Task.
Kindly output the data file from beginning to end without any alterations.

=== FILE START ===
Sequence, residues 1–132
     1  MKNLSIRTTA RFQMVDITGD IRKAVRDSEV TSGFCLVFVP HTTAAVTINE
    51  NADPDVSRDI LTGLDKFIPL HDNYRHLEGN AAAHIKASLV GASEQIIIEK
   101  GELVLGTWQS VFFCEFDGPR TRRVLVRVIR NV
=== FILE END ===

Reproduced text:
Sequence, residues 1–132
     1  MKNLSIRTTA RFQMVDITGD IRKAVRDSEV TSGFCLVFVP HTTAAVTINE
    51  NADPDVSRDI LTGLDKFIPL HDNYRHLEGN AAAHIKASLV GASEQIIIEK
   101  GELVLGTWQS VFFCEFDGPR TRRVLVRVIR NV